Week 7 of the “12Parks in 12Weeks” Tour has taken me to Wrightwood Park in the Lincoln Park Community Area of Chicago. While walking up to the basketball court, I noticed a FOR RENT sign in the window of a two-flat home. The sign read, “Two bedroom apartment: $2,500 per month.” I thought, wow, that’s expensive. I wonder if Abraham Lincoln could’ve afforded to live in Lincoln Park—definitely not in his younger years.
When I stepped onto the first of two basketball courts, I saw five white guys playing 3 on 2. (There's a lot of numbers in that last sentence!) They were all wearing knee-high pink socks and purple shirts. I noted that and thought, “If I’m not mistaken, those are the LGBTQ colors.” That’s when I remembered the Chicago Pride Parade was this weekend. As I would do in any park and with any person, I said, "What’s up," and asked if they needed an extra guy. They told me they didn’t because one guy was drunk, so they really were just playing 2 on 2. "Okay," I said and walked to the next court.
At the next court, a few Puerto Rican guys and two black guys were playing 21. I met Jonathan and Geo, two Puerto Ricans who had skills. Geo was quick and smooth, like D. Rose. Jonathan had a great jumper. I learned they both grew up in “The Plex,” a nickname they use for the Fullerton and Ashland Apartment Complex that flanks the basketball courts at Wrightwood Park. “The Plex” are Section 8, subsidized living homes in Lincoln Park. These apartments didn't look like any Section 8 homes I’d ever seen. From the outside, they appear to be in great condition. I did more research on subsidized living in Lincoln Park and saw apartments for rent for $1,400 per month. That’s subsidized? Wow! Earlier I wrote that Abraham Lincoln couldn’t have afforded to live in Lincoln Park. Now I don't even think Abraham Lincoln could have afforded to live in the Section 8 apartments in Lincoln Park, again, at least in his younger years.
Currently, Jonathan and Geo both live in the Humboldt Park community area but come to Wrightwood Park to hoop every weekend because it a safe place to take their families. According to Jonathan, this area has changed drastically since they grew up in the Plex some 15 years ago. There used to be lots of fights and violence in the park, but now even the graffiti tagging is harmless, as I saw spray painted smiley faces on the brick walls. They said the high rent prices have forced them out and today this park is for yuppies. Just for clarification, I looked up what a yuppie was, and according to urbandictionary.com; it’s a derogatory 80’s term used to describe a new breed of young wealthy people. I’ve heard yuppies described as Young Urban Professionals. I looked down at my new Adidas shoes and felt odd. Does this mean I’m a black yuppie?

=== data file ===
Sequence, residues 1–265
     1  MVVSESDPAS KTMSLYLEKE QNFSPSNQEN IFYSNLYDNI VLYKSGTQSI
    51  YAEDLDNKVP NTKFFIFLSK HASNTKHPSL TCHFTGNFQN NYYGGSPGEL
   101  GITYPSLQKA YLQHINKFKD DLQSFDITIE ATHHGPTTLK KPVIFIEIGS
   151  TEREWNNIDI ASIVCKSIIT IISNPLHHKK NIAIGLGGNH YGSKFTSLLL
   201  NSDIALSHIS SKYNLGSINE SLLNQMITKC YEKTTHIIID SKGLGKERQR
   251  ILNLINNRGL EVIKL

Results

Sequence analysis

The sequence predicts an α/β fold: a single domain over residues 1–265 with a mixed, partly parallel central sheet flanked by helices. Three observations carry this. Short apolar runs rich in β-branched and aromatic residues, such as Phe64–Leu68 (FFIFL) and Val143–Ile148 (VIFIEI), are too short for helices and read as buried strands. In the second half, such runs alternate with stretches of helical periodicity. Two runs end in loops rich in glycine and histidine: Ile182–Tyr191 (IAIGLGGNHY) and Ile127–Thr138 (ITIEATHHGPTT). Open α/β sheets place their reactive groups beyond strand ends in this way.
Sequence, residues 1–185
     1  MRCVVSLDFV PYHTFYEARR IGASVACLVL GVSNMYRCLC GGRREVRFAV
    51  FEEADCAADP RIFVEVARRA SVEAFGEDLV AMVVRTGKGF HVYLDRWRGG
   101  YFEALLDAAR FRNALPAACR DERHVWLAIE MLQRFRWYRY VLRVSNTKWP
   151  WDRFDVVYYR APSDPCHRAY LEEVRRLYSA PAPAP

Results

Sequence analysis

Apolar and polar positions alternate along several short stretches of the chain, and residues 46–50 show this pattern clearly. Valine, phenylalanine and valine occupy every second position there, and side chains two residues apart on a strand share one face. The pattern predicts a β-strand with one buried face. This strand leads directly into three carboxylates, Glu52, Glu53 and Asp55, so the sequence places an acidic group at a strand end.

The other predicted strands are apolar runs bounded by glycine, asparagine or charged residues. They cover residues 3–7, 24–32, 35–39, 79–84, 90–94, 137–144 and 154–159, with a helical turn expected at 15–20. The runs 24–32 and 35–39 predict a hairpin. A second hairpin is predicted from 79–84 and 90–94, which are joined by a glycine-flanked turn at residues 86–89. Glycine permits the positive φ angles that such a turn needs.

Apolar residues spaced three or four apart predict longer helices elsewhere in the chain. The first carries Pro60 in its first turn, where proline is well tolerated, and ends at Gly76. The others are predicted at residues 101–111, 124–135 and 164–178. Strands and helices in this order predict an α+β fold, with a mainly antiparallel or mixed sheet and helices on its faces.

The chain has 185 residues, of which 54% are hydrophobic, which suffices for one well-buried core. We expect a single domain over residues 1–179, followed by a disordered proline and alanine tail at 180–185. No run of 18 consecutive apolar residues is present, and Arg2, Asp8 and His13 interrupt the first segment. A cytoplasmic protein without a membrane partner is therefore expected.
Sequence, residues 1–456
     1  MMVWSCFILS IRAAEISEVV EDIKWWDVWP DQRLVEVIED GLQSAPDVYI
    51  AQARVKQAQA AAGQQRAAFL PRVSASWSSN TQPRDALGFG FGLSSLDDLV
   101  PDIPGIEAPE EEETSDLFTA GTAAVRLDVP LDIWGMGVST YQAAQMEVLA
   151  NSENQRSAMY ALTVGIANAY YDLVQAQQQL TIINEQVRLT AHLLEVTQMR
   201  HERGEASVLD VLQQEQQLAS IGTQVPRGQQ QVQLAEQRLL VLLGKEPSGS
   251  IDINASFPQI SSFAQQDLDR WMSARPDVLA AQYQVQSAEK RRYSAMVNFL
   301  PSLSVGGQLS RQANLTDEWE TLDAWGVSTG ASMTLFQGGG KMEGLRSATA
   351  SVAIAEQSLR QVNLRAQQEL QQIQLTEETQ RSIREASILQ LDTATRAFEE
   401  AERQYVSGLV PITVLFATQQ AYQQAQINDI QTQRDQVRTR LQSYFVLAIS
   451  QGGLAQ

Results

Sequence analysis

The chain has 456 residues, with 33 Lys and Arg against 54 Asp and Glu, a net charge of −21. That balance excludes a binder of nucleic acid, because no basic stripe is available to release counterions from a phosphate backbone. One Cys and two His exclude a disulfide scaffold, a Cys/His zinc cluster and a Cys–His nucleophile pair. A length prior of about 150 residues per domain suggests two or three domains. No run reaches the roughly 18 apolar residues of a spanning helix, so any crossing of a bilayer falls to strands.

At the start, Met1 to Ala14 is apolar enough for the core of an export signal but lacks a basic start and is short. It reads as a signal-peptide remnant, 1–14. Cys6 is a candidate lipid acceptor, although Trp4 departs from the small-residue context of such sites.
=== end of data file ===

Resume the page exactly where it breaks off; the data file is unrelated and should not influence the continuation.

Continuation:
To summarize Jonathan and Geo’s words, they felt marginalized. They witnessed firsthand the impact of gentrification. No one is more vulnerable to the effects of gentrification than renters. When prices go up, tenants are pushed out, whether through natural turnover, rent hikes, or evictions. Of course, the juxtaposition to this is that new arriving neighbors are often mystified by accusations that their efforts to improve local conditions are perceived as hostile or even racist.
I dug a bit deeper into the gentrification of Wrightwood Park and found a document published by the Wrightwood Neighbors Association (WNA), which confirmed Jonathan’s statements about the shift in economic demographics. This document is 50 pages long, but to summarize it, it confirmed that Lincoln Park is one of the wealthiest and most expensive communities in which to live, and that it’s challenging to maintain diversity in the area. The article also talked about the institutional expansion of DePaul University and the Children's Memorial Hospital and how the WNA could leverage their relationships to invest back into the community. I thought the WNA website was impressive because it had links and instructions on how to report illegal parties in the area, as well as the sale of alcohol, overcrowding, drinking in a public way, or curfew violators: text TXT2TIP. These things are simple, but just because something's simple, that doesn’t mean it's easy.